## 31 May 2014

### IrMO 1999 P1 Q5: Upper Secondary Mathematics Competition Question

Three real numbers a, b, c with a < b < c, are said to be in arithmetic progression if c - b = b - a.

Define a sequence u(n), n = 0, 1, 2, 3, ... as follows: u(0) = 0, u(1) = 1 and, for each n > 0, u(n+1) is the smallest positive integer such that u(n+1) > u(n) and {u(0), u(1),... u(n), u(n+1)} contains no three elements that are in arithmetic progression.

Find u(100).

[Irish MO, Paper 1, Question 5, 1999]

### Sums of Naturals: Middle Secondary Mathematics Competition Question

Let N be a natural number with the property that it is the sum of 3 consecutive natural numbers, of 4 consecutive naturals and also of 5 consecutive naturals.

Find the smallest value of N such that the 3 sequences above are disjoint, that is, there is no number that is in more than one sequence.

## 25 May 2014

### Pairs of Unit Fractions: Upper Secondary Mathematics Competition Question

For each positive integer n, let S(n) be the set of ordered pairs (x,y) of positive integers such that

1/n = 1/x + 1/y

and let T(n) be the number of ordered pairs in S(n).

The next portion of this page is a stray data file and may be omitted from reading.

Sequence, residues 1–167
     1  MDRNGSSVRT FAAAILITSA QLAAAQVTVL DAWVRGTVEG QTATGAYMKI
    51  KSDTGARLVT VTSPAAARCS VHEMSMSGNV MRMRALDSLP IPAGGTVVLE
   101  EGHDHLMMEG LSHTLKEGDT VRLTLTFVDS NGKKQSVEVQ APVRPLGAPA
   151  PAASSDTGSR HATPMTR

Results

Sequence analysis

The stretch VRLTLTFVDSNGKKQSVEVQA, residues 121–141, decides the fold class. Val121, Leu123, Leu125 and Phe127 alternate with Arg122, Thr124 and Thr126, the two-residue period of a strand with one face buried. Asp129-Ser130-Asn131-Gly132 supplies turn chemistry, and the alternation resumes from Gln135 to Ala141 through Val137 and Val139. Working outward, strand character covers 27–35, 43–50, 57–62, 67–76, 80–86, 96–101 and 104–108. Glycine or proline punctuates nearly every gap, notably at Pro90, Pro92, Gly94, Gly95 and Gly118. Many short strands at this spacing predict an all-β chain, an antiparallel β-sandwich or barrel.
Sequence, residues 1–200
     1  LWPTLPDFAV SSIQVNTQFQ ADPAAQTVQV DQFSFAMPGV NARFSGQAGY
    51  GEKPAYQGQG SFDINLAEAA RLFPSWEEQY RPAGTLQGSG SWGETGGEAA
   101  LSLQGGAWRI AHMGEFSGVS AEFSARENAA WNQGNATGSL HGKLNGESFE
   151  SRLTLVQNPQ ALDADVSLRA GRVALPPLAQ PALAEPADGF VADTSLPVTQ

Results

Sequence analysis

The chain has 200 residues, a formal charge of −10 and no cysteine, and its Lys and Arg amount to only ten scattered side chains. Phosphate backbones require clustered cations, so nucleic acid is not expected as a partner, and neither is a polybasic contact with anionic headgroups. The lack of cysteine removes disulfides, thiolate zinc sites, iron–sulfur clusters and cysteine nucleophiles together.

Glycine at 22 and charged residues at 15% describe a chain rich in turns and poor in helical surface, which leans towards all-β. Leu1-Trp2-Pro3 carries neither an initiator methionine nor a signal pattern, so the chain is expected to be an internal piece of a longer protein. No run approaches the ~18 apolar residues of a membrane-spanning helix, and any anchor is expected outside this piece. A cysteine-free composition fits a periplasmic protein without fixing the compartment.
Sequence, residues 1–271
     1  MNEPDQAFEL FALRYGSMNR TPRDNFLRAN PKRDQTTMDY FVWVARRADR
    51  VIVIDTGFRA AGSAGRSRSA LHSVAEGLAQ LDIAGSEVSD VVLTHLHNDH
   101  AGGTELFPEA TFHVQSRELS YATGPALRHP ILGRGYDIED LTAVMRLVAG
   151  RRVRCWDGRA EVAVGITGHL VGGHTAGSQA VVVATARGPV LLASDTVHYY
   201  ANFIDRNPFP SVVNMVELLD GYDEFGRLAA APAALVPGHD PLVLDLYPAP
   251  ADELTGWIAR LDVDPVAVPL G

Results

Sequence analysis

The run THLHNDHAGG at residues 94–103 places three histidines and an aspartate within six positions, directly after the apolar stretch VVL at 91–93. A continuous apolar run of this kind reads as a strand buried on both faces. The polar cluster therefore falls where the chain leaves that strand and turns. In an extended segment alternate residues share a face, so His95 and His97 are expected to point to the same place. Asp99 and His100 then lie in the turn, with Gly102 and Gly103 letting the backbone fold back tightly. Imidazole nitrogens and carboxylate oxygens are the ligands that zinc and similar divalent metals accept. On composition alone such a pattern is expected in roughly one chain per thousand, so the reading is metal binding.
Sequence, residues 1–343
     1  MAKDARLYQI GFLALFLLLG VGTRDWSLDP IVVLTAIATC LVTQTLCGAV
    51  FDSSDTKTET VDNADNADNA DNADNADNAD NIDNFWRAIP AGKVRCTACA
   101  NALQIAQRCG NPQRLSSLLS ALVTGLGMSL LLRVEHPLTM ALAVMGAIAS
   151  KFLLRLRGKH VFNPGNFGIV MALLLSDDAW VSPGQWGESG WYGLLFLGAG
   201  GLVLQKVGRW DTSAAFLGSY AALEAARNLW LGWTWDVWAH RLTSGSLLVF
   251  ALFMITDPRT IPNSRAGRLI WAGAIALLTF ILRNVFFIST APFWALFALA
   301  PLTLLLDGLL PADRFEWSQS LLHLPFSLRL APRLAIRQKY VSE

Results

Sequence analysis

For example, for n=2, S(2)={(3,6), (4,4), (6,3)} and hence T(2)=3.

a) Determine T(n) for all n.

b) Hence, calculate T(2014).

## 24 May 2014

### Four Perimeters: Upper Primary Mathematics Competition Question

A rectangle is divided into four smaller rectangles using two perpendicular lines, as shown in the diagram.

The number inside each small rectangle indicates the length of its perimeter. The diagram is not drawn to scale.

What value should go into the empty rectangle?

### Six Eggs in a Box: Lower Secondary Mathematics Competition Question

Edward likes eggs. Not necessarily to eat them; he likes playing with them too. Today, he has taken eggs from different boxes so that he has 3 white eggs and 3 brown eggs sitting in a 6-egg box. He is thinking about how many patterns he can make with his 6 eggs.

How many different arrangements can Edward make using all 6 eggs in the one box?

As the box has a lid, any similar patterns under rotation count as two distinct arrangements.

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### Divisibility by 99: Middle Secondary Mathematics Competition Question

You have nine cards numbered from 1 to 9. If you pick each card randomly and lay them out in order, find the probability that the resulting 9-digit number is divisible by 99.

Express this probability as m/n, where m and n are relatively prime. What is the sum (m + n)?

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